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Phosphorous is a nutrient that increases plant growth and also helps the crops, but it is not conducive to the aquatic system because it causes preferential growth of plants over other wildlife which is known as eutrophication. A significant consequence of eutrophication can be algal blooms (cyanobacteria) in streams, rivers and lakes, some of which produce toxins that are harmful to animals.
How does phosphorous get into our water systems in the first place? Although communities avoid adding more phosphorous to the water supply system, and even though we haven’t used them in our detergents for years, rainwater runoff picks up phosphorous from lawn fertilizers, agriculture and animals. The rainwater runoff containing phosphorous ultimately ends up in our water supply systems which perpetuates the problem.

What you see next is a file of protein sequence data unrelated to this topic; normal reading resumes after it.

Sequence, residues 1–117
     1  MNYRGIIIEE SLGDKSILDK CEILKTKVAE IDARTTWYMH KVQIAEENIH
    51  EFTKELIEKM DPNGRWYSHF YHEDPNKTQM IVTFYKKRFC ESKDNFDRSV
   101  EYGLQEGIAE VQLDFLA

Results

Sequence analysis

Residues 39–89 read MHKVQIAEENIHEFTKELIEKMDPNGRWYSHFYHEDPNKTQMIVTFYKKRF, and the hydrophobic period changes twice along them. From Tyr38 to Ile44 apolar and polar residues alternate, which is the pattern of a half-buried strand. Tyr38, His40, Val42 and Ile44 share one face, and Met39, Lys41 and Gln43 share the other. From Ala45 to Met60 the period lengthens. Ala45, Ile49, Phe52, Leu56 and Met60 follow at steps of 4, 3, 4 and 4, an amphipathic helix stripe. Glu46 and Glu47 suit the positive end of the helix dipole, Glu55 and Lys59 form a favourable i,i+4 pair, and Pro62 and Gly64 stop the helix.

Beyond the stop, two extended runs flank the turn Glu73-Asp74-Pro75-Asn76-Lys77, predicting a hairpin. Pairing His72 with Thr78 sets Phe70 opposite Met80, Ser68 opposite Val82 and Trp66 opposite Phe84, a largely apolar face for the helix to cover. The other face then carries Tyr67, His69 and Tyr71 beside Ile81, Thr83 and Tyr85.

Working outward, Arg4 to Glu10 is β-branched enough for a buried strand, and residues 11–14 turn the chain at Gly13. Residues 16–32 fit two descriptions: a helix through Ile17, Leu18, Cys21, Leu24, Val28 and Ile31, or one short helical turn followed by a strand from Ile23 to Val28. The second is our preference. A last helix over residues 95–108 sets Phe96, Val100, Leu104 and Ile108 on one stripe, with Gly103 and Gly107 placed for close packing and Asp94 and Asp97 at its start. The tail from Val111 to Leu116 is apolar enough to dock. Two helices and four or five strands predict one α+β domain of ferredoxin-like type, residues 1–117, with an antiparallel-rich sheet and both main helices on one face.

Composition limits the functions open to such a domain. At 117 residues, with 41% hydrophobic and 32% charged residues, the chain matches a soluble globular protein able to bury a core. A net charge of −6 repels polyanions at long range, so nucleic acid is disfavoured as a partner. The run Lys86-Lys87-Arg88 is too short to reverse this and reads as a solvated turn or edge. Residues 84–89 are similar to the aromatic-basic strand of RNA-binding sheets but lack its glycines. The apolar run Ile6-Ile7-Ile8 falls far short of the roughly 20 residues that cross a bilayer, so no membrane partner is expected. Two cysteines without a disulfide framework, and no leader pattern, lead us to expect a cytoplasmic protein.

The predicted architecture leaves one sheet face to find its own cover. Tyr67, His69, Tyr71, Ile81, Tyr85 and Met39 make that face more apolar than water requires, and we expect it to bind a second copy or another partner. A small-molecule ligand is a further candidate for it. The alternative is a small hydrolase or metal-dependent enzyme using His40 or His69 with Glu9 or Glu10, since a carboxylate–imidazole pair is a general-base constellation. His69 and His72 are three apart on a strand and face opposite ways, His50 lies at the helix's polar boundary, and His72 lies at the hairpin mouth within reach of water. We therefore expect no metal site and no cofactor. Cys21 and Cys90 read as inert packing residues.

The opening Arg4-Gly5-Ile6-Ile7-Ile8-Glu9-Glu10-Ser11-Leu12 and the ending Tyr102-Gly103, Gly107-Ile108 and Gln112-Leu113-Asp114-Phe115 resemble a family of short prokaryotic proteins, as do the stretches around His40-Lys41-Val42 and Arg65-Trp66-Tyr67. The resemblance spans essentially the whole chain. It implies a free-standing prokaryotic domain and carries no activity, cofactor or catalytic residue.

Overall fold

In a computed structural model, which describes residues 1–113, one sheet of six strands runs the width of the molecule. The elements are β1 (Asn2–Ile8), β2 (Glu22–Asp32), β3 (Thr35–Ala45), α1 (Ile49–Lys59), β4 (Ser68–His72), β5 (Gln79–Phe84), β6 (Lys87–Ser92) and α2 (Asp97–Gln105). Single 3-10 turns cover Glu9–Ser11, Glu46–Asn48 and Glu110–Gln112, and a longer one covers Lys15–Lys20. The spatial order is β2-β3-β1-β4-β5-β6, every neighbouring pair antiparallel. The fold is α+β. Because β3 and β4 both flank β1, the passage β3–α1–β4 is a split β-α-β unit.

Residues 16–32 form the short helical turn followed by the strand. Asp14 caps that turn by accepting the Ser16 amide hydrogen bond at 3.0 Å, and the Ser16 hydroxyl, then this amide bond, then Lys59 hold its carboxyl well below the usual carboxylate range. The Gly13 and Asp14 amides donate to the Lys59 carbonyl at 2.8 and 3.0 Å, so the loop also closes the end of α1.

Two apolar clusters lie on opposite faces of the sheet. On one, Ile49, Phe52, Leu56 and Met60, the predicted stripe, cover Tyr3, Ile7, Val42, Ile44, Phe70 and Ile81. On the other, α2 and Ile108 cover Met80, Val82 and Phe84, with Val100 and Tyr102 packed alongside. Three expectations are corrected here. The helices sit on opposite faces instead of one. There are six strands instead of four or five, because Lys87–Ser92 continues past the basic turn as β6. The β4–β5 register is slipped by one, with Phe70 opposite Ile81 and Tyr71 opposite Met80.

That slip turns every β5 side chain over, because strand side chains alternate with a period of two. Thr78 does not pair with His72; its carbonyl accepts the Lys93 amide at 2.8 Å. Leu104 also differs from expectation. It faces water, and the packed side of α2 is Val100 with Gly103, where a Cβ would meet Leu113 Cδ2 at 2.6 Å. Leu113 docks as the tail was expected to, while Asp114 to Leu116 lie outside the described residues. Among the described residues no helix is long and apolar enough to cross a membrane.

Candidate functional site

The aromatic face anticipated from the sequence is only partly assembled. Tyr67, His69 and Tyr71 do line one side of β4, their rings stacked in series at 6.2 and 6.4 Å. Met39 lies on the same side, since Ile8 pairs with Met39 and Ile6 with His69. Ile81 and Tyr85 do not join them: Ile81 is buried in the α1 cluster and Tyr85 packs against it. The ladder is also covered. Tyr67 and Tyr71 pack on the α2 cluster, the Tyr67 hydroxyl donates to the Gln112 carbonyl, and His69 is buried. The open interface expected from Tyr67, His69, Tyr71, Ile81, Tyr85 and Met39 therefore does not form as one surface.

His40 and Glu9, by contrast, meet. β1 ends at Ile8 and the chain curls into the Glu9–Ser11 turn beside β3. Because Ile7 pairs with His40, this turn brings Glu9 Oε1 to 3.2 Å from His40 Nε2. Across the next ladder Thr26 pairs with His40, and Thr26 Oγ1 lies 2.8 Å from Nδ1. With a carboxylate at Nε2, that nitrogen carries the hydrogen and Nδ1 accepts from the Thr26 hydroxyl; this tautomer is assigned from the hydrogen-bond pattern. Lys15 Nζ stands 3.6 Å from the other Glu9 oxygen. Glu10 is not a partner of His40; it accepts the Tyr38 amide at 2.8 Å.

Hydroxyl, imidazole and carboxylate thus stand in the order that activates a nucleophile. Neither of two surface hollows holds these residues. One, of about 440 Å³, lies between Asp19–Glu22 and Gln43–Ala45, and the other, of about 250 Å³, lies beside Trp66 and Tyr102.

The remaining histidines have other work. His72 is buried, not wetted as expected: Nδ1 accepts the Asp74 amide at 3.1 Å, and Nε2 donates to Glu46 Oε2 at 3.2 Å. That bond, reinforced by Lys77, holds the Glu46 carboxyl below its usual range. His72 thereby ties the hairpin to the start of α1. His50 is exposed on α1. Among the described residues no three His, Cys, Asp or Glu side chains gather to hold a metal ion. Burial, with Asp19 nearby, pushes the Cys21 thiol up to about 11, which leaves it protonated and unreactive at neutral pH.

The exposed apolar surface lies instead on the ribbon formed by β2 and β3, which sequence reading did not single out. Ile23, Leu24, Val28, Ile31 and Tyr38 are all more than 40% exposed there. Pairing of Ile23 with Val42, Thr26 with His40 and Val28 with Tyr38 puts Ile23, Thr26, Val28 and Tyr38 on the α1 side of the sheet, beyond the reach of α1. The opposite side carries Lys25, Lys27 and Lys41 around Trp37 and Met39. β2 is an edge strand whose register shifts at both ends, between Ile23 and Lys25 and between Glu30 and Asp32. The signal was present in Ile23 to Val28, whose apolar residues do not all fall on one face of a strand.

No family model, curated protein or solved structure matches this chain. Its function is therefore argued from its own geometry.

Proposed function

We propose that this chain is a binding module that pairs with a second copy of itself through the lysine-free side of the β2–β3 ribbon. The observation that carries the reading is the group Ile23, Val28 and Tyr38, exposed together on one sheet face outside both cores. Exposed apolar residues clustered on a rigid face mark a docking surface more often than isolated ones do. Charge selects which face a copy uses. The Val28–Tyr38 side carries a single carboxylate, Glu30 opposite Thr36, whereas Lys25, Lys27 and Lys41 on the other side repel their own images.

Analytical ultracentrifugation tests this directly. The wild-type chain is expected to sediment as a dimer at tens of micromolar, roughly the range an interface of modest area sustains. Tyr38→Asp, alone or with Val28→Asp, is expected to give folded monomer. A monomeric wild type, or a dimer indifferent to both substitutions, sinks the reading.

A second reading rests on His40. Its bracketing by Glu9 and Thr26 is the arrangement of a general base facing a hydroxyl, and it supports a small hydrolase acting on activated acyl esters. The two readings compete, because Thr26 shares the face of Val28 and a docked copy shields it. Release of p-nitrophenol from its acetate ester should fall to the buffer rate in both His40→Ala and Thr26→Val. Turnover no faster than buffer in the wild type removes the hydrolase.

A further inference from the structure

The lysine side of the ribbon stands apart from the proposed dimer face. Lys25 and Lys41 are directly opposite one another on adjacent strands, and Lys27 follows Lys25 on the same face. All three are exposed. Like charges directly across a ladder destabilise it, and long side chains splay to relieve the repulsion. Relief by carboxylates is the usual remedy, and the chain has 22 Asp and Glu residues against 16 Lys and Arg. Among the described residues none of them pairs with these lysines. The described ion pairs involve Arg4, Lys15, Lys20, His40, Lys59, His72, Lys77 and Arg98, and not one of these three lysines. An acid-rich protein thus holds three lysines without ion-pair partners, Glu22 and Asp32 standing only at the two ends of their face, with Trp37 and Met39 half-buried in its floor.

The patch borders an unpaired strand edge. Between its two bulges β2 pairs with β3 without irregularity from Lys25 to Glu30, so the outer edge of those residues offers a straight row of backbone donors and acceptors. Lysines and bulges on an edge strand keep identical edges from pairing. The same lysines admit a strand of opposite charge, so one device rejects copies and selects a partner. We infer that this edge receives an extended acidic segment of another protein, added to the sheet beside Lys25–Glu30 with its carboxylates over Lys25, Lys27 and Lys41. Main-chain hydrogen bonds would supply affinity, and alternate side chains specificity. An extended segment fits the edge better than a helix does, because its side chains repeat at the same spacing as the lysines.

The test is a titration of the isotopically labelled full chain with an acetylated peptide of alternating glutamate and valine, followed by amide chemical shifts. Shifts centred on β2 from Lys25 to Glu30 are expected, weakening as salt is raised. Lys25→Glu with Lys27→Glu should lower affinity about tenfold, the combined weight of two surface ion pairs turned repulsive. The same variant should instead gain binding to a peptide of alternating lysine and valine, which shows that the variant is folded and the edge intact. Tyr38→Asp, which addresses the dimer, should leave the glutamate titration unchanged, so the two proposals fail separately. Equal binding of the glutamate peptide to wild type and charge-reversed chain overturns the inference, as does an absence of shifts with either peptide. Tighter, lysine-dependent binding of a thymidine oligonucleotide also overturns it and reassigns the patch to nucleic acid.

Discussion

The West Goshen Sewer Treatment Plant recently installed an Enhanced Treatment System designed to significantly reduce the amount of phosphorous in the wastewater discharged to Goose Creek. Prior to installing the new treatment system, the phosphorous concentration in the final wastewater effluent was a monthly average of between 1.5 mg/L and 2.0 mg/L (2 mg/L = 2 parts per million). Since the installation of the new treatment system that became operational in October 2018, the discharge concentration of phosphorous has fallen to below 0.8 mg/L, which is a reduction of over 50%.
In 2021, more improvements are budgeted for a major construction project, which will further enhance the wastewater quality by installing an additional phosphorous removal process. After the new treatment system becomes operational, the discharge concentration is anticipated to be below 0.1 mg/L, which represents a total phosphorous reduction from pre-2018 levels of greater than 95%.
The West Goshen Sewer Treatment plant continues to look for innovative ways to project the environment and ultimately the citizens of West Goshen Township.